ATLANTA — Cars and trucks on a central Georgia highway could one day pass over black bears as the animals scamper under the roadway, avoiding the traffic that’s often deadly to wildlife.
Georgia plans to add a half-dozen bear tunnels beneath State Route 96 in what will be a first-of-its-kind project for the state.
Preliminary plans have already been completed, and the state is now purchasing land along the highway, said Jeremy Busby, a project manager for the Georgia Department of Transportation.
Busby said the idea is similar to wildlife crossings designed for endangered panthers in Florida and other structures in some parts of the western United States.
It would be the first project of its type in Georgia, which has bears in three ranges: the north Georgia mountains; the Okefenokee Swamp near the Florida-Georgia line; and along the Ocmulgee River in central Georgia.
The State Route 96 project is designed to protect bears that roam along and near the river in the Ocmulgee and Oaky Woods wildlife management areas. Scientists estimate there are about 300 bears in that general area, though an exact number isn’t known, said Mike Chamberlain, a wildlife ecologist at the University of Georgia.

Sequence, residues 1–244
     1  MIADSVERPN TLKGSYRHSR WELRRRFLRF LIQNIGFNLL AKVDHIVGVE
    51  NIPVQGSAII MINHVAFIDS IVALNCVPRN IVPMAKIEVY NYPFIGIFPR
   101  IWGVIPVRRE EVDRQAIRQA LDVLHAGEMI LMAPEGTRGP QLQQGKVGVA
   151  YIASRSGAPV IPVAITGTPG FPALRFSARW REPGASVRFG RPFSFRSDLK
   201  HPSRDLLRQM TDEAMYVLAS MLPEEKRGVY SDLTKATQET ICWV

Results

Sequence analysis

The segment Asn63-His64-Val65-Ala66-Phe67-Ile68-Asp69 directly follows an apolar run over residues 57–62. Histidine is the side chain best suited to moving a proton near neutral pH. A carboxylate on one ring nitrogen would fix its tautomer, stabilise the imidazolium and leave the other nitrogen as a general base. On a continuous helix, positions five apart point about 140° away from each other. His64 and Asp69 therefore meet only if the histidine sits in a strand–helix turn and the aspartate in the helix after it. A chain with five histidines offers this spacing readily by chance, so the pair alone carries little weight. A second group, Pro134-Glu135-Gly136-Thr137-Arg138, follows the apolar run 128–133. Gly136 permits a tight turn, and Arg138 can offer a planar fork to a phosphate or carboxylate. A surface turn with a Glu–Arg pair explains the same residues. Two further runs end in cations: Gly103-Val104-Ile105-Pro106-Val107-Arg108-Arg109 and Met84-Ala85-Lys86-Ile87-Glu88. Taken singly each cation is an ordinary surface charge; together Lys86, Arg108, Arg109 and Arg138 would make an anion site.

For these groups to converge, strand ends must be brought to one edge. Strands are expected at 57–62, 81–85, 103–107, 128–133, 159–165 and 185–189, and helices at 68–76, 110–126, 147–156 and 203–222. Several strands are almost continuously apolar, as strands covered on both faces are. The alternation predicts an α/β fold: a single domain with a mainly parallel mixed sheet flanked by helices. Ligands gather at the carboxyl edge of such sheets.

The wildlife crossings are part of an estimated $60.5 million overall project that involves widening the highway.
The passages will be placed in spots where bears typically attempt to cross, which often include places where streams and wet areas meet the highway.
“They are pretty much at low points in the topography where we felt the bears naturally travel,” Busby said. “We’re planning to install some fencing to funnel the wildlife into these crossings. So the bears will kind of be funneled underneath the road through these crossings.”
The timeline for building the wildlife passages will depend on funding.
Although the project is a first for Georgia, Florida has built wildlife passages for a variety of critters.
“It’s kind of like that old saying ‘if you build it, they’ll come,’ ” said Mark Lotz, a biologist with the Florida Fish and Wildlife Conservation Commission. “Everything that lives down here basically uses them, so they’re of great benefit.”